Infants were observed sleeping with their heads completely covered by bedding on 10 bed nights and 2 cot nights. Bouts of head covering ranged in duration from 6 minutes to all night. Babies were found to have a greater duration of whole head covering on bed-sharing nights compared with cot nights, however there was no significant difference between rectal temperature during bouts (matched for sleep state) when head was covered or uncovered.
Associations have been previously identified between SIDS and high rectal temperature, sweating and overheating, and given the emphasis placed on thermal stress during sleep in SIDS reduction measures, it is not surprising, that the potential for overheating has become a cause for concern in the context of parent-infant bed-sharing. In this study babies' average temp was significantly higher on the bed night than the cot night by a mean of 0.1oC. We also found that infants spent a significantly greater proportion of the bed night in REM sleep than the cot night - and that infants' rectal temperatures were significantly higher in REM sleep than in quiet sleep (on both bed and cot nights). This would suggest that the reason the average temperature of a baby during a bedsharing night is greater than that of a baby during a cot night is because a longer period of time is spent in REM sleep, not because a baby's temperature during a bedsharing night is absolutely hotter than during a cot night.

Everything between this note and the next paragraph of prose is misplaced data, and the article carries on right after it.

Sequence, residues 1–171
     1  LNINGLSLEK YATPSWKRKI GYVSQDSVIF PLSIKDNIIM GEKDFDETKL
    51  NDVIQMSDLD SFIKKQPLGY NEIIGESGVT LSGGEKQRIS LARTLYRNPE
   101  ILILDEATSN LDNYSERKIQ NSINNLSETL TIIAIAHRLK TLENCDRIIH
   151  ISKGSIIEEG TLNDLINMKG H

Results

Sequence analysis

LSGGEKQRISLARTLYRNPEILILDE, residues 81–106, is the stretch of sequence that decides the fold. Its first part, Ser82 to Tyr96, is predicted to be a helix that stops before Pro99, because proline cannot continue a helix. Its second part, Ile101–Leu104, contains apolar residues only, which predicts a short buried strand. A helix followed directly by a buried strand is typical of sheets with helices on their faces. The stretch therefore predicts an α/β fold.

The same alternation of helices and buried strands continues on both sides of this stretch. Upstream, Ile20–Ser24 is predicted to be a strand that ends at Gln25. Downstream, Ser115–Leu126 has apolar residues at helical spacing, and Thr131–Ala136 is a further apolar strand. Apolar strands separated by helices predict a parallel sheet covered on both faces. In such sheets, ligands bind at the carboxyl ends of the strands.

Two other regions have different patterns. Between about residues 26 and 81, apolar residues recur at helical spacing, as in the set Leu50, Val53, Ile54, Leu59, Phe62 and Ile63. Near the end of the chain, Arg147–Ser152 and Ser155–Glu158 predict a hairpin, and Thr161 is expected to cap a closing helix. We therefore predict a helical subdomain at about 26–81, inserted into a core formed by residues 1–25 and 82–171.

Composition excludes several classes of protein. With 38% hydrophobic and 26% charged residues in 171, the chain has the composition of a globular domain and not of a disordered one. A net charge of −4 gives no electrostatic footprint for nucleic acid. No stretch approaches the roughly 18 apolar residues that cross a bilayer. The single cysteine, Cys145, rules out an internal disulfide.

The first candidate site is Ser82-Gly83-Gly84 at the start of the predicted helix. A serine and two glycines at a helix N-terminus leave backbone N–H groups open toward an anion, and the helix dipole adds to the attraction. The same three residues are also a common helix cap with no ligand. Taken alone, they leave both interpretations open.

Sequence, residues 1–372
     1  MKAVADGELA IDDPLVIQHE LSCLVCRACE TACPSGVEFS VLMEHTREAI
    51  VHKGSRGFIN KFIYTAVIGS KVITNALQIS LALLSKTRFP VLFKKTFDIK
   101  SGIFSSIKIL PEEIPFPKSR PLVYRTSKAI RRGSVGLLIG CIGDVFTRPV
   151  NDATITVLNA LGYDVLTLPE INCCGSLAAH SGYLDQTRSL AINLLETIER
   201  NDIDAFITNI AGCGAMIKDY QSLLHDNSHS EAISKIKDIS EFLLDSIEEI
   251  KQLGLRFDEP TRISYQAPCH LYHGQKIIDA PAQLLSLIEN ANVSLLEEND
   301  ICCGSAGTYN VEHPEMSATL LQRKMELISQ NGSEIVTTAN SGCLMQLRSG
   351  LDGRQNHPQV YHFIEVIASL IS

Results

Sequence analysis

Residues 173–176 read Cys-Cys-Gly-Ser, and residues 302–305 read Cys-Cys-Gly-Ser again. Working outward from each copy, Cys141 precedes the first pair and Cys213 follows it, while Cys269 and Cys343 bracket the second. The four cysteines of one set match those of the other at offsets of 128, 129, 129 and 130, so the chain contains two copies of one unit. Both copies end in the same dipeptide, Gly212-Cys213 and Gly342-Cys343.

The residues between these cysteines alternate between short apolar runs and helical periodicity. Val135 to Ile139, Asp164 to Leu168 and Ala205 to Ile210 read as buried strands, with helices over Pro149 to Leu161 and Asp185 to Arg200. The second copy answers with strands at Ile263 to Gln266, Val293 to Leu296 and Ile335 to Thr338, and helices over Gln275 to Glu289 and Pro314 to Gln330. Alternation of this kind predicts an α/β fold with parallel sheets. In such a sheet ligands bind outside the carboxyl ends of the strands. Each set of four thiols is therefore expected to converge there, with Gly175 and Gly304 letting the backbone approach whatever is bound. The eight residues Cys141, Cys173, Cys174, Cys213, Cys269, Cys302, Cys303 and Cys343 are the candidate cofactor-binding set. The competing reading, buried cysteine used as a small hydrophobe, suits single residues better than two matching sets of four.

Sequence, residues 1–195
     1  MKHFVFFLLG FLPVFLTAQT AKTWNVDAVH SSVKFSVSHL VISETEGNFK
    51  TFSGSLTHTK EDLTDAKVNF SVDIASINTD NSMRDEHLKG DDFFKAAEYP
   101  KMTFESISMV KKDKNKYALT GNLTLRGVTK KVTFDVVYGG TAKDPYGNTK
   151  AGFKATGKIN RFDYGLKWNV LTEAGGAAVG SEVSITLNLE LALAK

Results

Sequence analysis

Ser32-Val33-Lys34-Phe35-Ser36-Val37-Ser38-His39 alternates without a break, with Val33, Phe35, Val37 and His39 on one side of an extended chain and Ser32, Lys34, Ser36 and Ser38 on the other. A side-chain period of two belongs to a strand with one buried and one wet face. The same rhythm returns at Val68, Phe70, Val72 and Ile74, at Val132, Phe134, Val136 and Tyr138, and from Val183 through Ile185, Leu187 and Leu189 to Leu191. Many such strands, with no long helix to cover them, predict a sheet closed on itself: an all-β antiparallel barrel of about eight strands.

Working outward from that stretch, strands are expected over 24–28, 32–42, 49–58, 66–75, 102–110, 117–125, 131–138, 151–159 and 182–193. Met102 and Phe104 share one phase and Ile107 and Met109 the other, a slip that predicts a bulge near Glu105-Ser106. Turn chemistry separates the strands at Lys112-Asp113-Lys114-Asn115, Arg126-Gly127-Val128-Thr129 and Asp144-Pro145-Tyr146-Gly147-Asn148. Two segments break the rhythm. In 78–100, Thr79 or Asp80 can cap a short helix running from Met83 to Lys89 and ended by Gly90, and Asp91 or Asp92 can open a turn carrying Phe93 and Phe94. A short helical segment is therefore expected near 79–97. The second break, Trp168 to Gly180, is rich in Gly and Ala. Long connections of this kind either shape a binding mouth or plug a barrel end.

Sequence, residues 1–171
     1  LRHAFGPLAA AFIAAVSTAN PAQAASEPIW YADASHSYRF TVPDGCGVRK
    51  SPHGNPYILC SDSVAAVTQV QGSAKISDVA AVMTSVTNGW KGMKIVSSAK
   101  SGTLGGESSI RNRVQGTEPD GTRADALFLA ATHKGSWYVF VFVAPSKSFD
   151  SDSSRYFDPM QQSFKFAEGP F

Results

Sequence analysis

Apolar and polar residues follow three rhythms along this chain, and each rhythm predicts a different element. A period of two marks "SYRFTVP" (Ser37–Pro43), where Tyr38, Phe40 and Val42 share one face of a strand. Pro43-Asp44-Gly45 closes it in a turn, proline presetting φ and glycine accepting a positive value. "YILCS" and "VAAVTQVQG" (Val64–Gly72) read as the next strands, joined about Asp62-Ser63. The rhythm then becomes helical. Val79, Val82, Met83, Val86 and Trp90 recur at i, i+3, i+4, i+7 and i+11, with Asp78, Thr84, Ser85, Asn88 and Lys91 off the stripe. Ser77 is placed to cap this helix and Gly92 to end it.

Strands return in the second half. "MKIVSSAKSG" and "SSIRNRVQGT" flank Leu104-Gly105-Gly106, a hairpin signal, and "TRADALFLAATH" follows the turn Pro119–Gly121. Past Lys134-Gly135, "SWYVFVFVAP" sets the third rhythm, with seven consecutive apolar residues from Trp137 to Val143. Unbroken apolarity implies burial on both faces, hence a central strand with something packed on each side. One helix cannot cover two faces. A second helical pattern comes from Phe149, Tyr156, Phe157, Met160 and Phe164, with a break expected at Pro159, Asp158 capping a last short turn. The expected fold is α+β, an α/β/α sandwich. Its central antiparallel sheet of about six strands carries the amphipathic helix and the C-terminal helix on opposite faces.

We conclude that for normal healthy infants bedsharing may be associated with slight increase in average temperature associated with a greater proportion of REM sleep, more frequent covering (and uncovering) of head and external airways, and the rare possibility of compression by a parental limb - when compared to cot-sleeping by-the-bed - but none of these events appear to have adverse consequences for the infants concerned.
- Ball, H.L. (2009). Airway covering during bed-sharing. Child: Care, Health and Development 35(5): 728-737.
- McKenna, James J., Ball, Helen L. & Gettler, Lee T. (2007). Mother–Infant Cosleeping, Breastfeeding and Sudden Infant Death Syndrome: What Biological Anthropology Has Discovered About Normal Infant Sleep and Pediatric Sleep Medicine. American Journal of Physical Anthropology 134(S45): 133-161.
- Ball, H.L. (2006). Parent-Infant Bed-sharing Behavior: effects of feeding type, and presence of father. Human Nature: an interdisciplinary biosocial perspective 17(3): 301-318.
- Wailoo, M., Ball, H.L., Fleming, P.J. & Ward-Platt, M.P. (2004). Infants bed-sharing with mothers: helpful, harmful or don't we know? Archives of Disease in Childhood 89(12): 1082-1083.
- Ball, H.L. (2002). Triadic bed-sharing and infant temperature. Child: Care, Health and Development 28(Supplement s1): 55-58.
- Ball, H.L. (2002). Risks to infants of sharing the parental bed: a physiological & behavioural study. Final report to Scottish Cot Death Trust. Glasgow.
- Ball, H.L., Volpe, L.E., Heslop, E. & Leech, S.J. (2005). Observing mother-infant sleep behaviour. Measuring Behavior 2005, Wageningen, NL, Noldus.